Vox’s Matt Yglesias has a post Wednesday laying out 11 "bold" predictions for 2015 that aren’t that bold. The stock market will go up? Economic growth will be 2.7 percent? Nothing happening on police reform? Whoa, no way! (OK, the Memphis Grizzlies winning the NBA title and the emoji (◡ ‿ ◡ ✿) becoming popular—those are bold.) So without further ado, here are 11 downright crazy predictions for 2015:
1. The unemployment rate falls below 5 percent.
The unemployment rate at 5.8 percent has fallen by about a percentage point each of the past two years. That isn’t likely to continue as we near full employment. Discouraged workers reentering the labor market will also put upward pressure on the unemployment rate. But unemployment was below 5 percent in the mid-2000s and even fell below 4 percent in 2000, the last time most Americans saw real wage growth. Let’s hope it happens again.
2. The price of oil falls below $25.
Greece’s upcoming elections could reignite the Eurozone crisis, further weakening demand. It’s also not clear where the breakpoint is for U.S. shale production—meaning where the price of oil becomes so low that it doesn’t make sense for U.S. producers to continue production. Finally, OPEC, driven by Saudi Arabia, won’t cut supply, in part to hurt those U.S. producers and in part to destabilize Iran. All of this leads to a further drop in oil prices—and maybe a recession in Texas.
5. Mitt Romney runs for president.
A Republican field without a clear frontrunner will be very tempting for Romney. And if the GOP primary becomes a mess, he'll see a clear opening. Plus, he still leads in the polls, even if they don't mean much at this time. So, mark it down: Romney will enter the race. These are supposed to be crazy predictions after all.
6. Duke's men's basketball goes undefeated.
The ACC has some difficult tests. But the Blue Devils have already beaten Wisconsin in Madison, and freshmen Jahlil Okafor and Tyus Jones have shown great poise under pressure. Duke hate will reach new heights in 2015 when my alma mater runs the table.
7. Russia stops backing Bashar al-Assad in Syria.
Call this the Dan Drezner prediction: The Russian ruble has stopped crashing over the past few weeks as Vladimir Putin has used the country’s reserves to prop up the currency. But that is only a temporary solution. The Russian economy is still heading for a nasty recession if not an outright depression. In traditional currency crises like Russia is experiencing, a country receives a loan from the International Monetary Fund. But that won’t happen for Russia after its incursion into Ukraine.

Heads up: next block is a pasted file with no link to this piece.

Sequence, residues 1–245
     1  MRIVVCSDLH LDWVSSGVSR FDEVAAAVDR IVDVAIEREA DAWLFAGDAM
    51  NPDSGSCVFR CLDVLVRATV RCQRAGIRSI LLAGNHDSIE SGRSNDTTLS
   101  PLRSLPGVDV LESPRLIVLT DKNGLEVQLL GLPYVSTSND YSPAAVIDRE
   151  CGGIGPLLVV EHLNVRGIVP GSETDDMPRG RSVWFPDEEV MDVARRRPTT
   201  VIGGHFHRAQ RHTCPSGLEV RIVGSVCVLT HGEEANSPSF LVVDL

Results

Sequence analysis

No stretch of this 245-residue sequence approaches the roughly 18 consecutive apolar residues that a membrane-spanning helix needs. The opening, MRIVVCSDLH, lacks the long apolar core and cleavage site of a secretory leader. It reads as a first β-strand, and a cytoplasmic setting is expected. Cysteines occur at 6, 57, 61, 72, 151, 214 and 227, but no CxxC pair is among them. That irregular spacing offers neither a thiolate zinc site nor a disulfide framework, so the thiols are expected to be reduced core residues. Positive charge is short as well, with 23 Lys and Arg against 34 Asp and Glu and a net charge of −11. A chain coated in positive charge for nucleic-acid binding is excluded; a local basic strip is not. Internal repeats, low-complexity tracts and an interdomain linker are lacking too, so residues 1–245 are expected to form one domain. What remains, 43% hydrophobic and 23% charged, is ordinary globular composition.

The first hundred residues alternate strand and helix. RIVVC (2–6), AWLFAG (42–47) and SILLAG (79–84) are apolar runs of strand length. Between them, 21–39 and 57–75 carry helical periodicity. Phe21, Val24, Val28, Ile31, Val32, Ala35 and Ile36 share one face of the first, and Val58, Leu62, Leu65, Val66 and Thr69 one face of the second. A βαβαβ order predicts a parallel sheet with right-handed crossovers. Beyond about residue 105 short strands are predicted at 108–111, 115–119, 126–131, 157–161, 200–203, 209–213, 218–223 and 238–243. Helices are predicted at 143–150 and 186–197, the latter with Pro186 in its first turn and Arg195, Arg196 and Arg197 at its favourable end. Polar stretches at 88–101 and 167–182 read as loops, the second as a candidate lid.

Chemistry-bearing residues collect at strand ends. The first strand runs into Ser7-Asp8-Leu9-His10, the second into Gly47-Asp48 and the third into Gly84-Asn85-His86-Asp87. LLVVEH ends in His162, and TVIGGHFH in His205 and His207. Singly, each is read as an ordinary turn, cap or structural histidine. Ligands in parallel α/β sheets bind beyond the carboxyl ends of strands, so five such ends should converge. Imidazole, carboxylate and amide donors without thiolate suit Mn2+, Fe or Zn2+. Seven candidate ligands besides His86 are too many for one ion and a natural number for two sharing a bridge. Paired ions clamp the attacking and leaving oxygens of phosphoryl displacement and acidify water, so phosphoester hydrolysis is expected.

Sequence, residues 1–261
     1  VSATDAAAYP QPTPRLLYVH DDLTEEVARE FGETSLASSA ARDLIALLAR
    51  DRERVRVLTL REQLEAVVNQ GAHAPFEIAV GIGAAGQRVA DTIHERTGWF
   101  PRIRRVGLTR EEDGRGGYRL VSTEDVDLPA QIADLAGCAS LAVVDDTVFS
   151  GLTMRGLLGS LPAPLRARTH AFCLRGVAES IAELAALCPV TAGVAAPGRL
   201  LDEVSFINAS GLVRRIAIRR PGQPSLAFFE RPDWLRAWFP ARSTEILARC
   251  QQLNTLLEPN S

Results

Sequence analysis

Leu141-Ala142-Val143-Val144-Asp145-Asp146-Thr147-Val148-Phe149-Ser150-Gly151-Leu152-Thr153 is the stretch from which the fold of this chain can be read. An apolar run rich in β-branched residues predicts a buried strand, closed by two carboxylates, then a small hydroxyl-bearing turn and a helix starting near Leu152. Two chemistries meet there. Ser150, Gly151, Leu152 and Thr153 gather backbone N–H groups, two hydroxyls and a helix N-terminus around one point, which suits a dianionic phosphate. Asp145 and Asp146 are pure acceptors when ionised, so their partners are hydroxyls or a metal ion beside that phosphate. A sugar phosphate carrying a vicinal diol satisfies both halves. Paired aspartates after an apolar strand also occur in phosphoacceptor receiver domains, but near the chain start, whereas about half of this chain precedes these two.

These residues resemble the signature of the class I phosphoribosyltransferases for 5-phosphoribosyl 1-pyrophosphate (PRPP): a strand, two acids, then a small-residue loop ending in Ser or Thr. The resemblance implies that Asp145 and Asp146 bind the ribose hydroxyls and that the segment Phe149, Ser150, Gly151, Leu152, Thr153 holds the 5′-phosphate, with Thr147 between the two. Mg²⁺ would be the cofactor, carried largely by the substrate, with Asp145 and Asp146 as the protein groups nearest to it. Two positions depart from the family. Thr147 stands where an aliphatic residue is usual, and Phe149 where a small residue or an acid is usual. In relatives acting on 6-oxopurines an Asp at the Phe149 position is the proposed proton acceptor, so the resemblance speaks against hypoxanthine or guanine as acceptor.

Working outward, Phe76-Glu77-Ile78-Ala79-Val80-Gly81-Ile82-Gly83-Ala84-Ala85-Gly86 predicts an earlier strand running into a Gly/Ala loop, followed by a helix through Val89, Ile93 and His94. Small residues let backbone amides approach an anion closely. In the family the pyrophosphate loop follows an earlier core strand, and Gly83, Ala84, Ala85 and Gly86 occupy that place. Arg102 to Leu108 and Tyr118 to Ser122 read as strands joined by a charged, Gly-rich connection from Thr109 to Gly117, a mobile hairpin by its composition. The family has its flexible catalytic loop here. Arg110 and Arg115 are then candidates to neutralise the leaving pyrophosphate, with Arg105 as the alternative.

It’s hard to imagine the pressure on Putin intensifying to the point that he returns Crimea to Ukraine and withdraws all support for the rebels. But he could make substantial concessions in Syria by reducing the Kremlin’s support for Assad. Maybe the U.S. and other countries would accept that. Maybe they wouldn’t. But Putin faces an ugly 2015 either way, especially if prediction #2 comes to pass.
8. Ebola returns to the U.S.
The crisis has died down her for now but it is still ravaging West Africa. Unless we provide the adequate resources and doctors to get it under control there, more people with Ebola will enter the United States. We’re not going to close our borders to those countries—and that would be dumb anyways. The worst fear is that it becomes endemic to the region. Thar's why it's vital that we continue to fight the disease where it's worst, in West Africa, even if there are no cases here at home.
9. A minimum wage hike passes the Senate.
I won’t go as far to say it will pass the House. But raising the minimum wage is very, very popular, even among Republicans. That’s going to be a challenge for the GOP presidential candidates and moderate Republican senators who are up for reelection. A number of states have already raised their minimum wages above the federal minimum of $7.25. And an improving economy gives businesses more room to increase wages, potentially ameliorating conservative concerns about a minimum wage hike killing jobs. They won’t agree to raise it to the president’s preferred number of $10.10. But there's plenty of room for a compromise.
10. Amazon enters crisis mode.
For years, Amazon’s stock continually rose despite nearly non-existent profits. That all stopped in 2014 as its revenue growth continued to slow and the Amazon Fire phone flopped. The stock is down more than 20 percent for the year. Yet, a perception of Amazon as a growing behemoth that is set to conquer the American retail industry still exists. That perception will end in 2015.
11. More of these predictions come true than Vox’s.